Plotted in Figure 5 are the experimental Liquefaction Resistance Curves for Christchurch sand at relative densities of 50% and 60%, and for Monterey #0/30 sand specimens prepared by moist tamping at 60% relative density (Cappellaro & Cubrinovski, 2016). This curve represents a useful reference because several studies on the undrained behaviour of coarse-grained soils described in the literature employed Monterey sand as test material. The Liquefaction Resistance Curves defined in accordance with Boulanger & Idriss (2014) for values qc1Ncs = 100, 120 and 140 of the normalized cone tip resistance in clean sand are also shown for comparison. The qc1Ncs-based curves are the standard tool for the ordinary assessment of liquefaction hazard, and are derived from the boundary between liquefaction-no liquefaction case histories recorded at different sites during past earthquakes. In this sense, they represent a lower limit to the resistance to liquefaction of sands. The procedure to compute the qc1Ncs-based curves plotted in Figure 5 is detailed in Cubrinovski et al. (2017); qc1Ncs values have been converted to equivalent relative densities DR using the relationship indicated by Idriss & Boulanger (2008).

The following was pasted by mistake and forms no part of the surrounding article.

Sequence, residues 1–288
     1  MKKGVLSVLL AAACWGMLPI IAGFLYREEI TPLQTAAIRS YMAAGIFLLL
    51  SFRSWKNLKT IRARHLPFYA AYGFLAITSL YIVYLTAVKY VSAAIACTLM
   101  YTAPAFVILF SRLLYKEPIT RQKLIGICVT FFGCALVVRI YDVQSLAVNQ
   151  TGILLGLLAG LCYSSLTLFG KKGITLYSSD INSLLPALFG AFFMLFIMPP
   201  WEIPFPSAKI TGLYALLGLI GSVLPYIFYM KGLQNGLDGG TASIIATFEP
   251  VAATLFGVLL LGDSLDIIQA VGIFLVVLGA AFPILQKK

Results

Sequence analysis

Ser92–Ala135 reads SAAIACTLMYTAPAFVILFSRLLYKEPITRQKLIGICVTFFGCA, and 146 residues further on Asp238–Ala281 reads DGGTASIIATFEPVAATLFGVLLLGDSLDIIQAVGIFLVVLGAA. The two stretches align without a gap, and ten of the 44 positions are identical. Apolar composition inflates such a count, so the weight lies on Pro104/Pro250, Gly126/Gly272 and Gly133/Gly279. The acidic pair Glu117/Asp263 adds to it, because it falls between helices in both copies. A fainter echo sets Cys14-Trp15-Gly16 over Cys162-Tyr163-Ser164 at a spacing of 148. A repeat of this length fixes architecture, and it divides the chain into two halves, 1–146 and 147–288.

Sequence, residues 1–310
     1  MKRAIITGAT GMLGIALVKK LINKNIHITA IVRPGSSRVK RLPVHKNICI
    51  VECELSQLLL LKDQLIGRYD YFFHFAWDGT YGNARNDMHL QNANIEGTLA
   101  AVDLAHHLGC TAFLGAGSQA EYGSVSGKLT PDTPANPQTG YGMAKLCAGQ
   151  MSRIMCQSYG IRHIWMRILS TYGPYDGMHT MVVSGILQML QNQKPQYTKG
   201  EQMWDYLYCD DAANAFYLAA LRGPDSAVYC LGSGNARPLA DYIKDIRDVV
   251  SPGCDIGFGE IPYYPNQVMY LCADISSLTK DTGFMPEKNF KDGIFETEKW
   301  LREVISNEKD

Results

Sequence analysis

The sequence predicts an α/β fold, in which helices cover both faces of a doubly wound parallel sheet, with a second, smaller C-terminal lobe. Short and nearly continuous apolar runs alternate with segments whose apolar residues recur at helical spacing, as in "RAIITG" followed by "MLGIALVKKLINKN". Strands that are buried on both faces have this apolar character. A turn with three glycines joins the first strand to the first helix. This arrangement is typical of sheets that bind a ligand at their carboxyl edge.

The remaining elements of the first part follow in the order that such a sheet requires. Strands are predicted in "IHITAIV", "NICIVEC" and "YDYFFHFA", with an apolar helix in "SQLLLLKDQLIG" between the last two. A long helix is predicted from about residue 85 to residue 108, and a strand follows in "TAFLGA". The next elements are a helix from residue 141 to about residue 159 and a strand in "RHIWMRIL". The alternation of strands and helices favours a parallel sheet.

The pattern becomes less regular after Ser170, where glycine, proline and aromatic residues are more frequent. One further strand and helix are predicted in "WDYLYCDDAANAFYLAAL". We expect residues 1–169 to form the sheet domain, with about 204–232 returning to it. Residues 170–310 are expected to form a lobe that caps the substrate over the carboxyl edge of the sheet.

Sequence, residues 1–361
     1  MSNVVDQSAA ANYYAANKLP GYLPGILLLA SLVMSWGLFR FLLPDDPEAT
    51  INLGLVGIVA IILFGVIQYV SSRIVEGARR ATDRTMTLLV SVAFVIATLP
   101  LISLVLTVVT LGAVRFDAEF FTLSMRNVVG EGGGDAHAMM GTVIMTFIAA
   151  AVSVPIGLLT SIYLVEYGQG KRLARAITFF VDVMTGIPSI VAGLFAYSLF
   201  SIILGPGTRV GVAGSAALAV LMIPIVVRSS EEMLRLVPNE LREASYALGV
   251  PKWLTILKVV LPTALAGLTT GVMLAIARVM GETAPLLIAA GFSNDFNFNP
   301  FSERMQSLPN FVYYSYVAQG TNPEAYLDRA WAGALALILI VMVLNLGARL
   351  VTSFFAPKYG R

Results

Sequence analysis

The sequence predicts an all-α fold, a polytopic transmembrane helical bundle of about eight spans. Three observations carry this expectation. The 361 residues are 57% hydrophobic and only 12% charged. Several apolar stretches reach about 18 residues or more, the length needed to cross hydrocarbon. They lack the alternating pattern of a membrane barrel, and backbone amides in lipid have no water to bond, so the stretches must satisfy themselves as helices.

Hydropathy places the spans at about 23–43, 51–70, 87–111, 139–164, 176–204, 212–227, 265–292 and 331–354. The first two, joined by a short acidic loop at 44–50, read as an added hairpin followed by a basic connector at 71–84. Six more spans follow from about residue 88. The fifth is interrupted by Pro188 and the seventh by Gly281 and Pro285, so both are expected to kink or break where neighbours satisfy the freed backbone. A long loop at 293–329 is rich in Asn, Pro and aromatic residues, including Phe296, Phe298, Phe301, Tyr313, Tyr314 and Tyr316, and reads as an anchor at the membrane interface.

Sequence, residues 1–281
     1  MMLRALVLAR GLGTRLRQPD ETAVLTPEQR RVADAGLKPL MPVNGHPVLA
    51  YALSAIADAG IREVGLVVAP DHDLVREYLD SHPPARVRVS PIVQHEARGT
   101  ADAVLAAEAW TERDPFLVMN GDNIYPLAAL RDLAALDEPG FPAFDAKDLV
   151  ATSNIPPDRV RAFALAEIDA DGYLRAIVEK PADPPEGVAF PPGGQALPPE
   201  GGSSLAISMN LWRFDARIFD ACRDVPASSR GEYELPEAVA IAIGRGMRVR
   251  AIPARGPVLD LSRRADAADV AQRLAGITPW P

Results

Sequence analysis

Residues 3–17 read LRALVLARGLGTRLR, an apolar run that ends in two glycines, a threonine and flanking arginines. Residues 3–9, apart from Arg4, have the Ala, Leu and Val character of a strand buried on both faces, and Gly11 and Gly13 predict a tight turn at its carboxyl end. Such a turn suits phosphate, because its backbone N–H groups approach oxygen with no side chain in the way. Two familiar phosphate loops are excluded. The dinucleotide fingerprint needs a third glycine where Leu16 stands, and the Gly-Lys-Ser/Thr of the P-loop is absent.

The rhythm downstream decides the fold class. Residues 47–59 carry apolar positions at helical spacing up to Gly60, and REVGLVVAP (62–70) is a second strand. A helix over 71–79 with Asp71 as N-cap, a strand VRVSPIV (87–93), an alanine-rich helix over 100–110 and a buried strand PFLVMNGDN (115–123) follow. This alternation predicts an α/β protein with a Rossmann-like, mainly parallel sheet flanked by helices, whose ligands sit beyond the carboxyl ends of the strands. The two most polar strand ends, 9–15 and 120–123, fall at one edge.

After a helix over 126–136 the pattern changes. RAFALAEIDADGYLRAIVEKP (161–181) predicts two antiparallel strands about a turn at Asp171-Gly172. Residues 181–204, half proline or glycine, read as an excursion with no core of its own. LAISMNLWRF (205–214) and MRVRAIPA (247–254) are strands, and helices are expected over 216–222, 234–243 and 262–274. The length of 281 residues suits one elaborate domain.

Figure 5 shows that the liquefaction resistance recorded in the DSS tests for water sedimented Christchurch sand specimens (red curves) is higher than the qc1Ncs-based resistance (dashed lines) for similar values of relative density. This difference can be ascribed to the conservativeness in the definition of the liquefaction-no liquefaction boundary from which the qc1Ncs-based strengths are derived. On the other hand, Monterey sand exhibited a significantly lower liquefaction resistance, possibly because the fabric attained by this sand when moist tamped is particularly unstable in comparison to fabrics encountered in natural soil deposits.
Figure 4: Stress paths and stress-strain curves for cyclic DSS tests on specimens of Christchurch sand prepared by water sedimentation at different relative densities
Figure 5: Number of cycles against CSR for 7.5% DA shear strain in DSS for Christchurch sand (red lines) and Monterey #0/30 sand (blue line),